Since the first reported case of Ebola Virus Disease in December 2013 in Guinea, there have been numerous international efforts to try to limit the spread of this highly contagious and life-threatening disease and reduce the number of people diagnosed with the illness. International assistance has come from various sectors and industries, with the satellite industry playing an unprecedented and unparalleled role in the fight against the outbreak of Ebola.
The World Health Organisation (WHO) declared an international emergency for the epidemic in August 2014, and a couple of months later, on 9 October 2014, the International Charter for Space and National Disasters (Charter) was activated to assist with the response to the disease. The Charter is an international agreement between space agencies which provides free satellite images in the immediate aftermath of natural or man-made disasters. Although it has been used in response to 400 disasters in over 100 countries, this is the first time that it has been used for disease surveillance.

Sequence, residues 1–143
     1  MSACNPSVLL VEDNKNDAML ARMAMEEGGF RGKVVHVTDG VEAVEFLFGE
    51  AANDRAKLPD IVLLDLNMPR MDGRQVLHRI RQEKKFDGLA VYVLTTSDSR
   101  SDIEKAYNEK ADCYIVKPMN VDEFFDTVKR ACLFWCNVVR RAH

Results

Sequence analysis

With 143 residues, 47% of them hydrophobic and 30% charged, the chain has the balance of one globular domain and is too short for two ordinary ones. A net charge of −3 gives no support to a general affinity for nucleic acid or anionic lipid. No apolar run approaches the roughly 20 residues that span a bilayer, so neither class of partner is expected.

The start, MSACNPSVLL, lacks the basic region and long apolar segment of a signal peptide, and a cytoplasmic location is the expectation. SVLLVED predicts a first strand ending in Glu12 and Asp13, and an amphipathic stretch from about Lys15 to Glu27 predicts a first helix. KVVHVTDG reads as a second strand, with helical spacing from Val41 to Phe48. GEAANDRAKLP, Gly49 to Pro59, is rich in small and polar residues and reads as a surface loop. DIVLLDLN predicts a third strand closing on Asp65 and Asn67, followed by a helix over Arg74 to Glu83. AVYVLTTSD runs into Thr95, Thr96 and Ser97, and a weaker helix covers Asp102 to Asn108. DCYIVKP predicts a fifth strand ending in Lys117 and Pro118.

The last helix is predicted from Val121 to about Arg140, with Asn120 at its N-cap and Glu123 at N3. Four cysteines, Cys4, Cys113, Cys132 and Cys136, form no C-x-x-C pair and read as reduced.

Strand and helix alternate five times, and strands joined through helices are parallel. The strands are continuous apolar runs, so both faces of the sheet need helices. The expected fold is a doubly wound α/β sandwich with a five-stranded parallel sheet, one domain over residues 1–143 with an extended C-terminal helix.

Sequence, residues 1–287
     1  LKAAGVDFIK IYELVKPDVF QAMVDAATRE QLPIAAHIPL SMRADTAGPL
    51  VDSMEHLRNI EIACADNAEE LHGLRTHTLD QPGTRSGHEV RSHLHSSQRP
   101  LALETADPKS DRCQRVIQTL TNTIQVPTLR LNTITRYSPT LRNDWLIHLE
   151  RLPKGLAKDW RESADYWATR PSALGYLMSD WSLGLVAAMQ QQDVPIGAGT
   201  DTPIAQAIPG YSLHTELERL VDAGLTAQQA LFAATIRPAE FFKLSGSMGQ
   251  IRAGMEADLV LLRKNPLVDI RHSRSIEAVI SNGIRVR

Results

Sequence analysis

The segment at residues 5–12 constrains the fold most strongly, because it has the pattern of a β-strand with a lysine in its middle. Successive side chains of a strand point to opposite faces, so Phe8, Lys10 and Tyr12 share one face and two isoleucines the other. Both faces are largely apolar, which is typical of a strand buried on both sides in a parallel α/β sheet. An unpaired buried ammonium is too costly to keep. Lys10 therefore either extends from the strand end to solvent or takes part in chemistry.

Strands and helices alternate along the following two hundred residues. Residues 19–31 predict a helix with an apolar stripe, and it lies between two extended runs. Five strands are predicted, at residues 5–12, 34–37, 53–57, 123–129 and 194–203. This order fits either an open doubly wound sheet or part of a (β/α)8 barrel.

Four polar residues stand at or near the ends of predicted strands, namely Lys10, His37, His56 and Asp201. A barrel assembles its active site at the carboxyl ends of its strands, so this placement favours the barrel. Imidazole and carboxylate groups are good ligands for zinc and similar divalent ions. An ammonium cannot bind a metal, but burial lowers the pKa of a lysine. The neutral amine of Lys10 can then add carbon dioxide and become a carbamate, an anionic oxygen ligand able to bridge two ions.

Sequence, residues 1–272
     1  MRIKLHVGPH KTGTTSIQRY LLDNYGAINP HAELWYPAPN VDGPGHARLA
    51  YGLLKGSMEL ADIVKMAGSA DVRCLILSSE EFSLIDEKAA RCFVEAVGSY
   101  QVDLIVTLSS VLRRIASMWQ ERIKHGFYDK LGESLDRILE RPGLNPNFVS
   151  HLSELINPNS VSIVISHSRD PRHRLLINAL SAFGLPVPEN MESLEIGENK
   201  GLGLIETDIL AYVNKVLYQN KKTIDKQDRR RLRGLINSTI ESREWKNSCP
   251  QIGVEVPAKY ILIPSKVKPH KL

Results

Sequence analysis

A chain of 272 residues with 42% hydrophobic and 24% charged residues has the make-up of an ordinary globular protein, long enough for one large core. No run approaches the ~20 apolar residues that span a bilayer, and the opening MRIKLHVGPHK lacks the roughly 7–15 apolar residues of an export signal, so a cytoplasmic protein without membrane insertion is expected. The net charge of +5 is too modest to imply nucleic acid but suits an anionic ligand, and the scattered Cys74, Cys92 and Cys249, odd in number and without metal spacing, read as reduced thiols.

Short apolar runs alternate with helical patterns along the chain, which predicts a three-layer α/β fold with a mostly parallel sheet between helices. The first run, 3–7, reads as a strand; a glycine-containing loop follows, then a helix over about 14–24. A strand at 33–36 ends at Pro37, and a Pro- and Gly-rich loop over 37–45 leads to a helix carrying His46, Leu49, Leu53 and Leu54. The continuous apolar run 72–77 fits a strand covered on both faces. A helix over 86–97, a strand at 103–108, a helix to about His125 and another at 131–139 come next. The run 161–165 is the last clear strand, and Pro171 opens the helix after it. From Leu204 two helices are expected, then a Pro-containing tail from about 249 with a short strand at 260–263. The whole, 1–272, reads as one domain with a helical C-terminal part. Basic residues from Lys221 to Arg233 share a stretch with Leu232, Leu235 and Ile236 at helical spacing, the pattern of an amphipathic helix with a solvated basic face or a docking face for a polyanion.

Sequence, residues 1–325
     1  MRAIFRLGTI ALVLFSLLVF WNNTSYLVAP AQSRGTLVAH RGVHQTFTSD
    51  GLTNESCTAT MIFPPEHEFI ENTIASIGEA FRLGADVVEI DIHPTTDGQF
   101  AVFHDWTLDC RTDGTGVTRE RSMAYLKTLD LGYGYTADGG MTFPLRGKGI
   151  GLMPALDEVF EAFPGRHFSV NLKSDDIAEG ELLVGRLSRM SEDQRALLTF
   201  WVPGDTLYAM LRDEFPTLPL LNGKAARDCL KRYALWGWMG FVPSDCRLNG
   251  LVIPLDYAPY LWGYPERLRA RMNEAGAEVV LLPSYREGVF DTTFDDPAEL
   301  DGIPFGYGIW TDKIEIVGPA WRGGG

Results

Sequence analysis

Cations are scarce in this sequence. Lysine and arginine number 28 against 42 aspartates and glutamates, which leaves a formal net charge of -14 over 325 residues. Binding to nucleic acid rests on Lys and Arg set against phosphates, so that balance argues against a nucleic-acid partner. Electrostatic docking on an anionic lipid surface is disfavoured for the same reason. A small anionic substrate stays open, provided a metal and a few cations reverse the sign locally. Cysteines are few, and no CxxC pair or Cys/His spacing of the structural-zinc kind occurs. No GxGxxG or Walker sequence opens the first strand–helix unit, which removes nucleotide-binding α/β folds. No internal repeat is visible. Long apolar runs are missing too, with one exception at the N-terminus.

Surrey Satellite Technology are supplying satellite images to provide updated maps of areas of West Africa, identifying locations which have been infected and highlighting the best routes to evacuate people.
Eutelsat is providing satellite connectivity for medical staff and volunteers in West Africa - in areas where there was little or no existing communications capacity.
Communicating directly with a Eutelsat satellite, broadband equipment to improve connectivity solutions for humanitarian organisations has been deployed in West Africa to assist in the fight against Ebola.
This has seen the delivery of videoconferencing services, Internet access and voice communications, in areas which previously had little or no connectivity, in order to provide assistance to aid workers. The terminal equipment can be self-installed, operational within two hours and easily relocated to follow the relief organisations.
The successful use of satellite technology in combatting Ebola no doubt means that it will be increasingly used in the future to fight public health emergencies, both internationally and at a national level.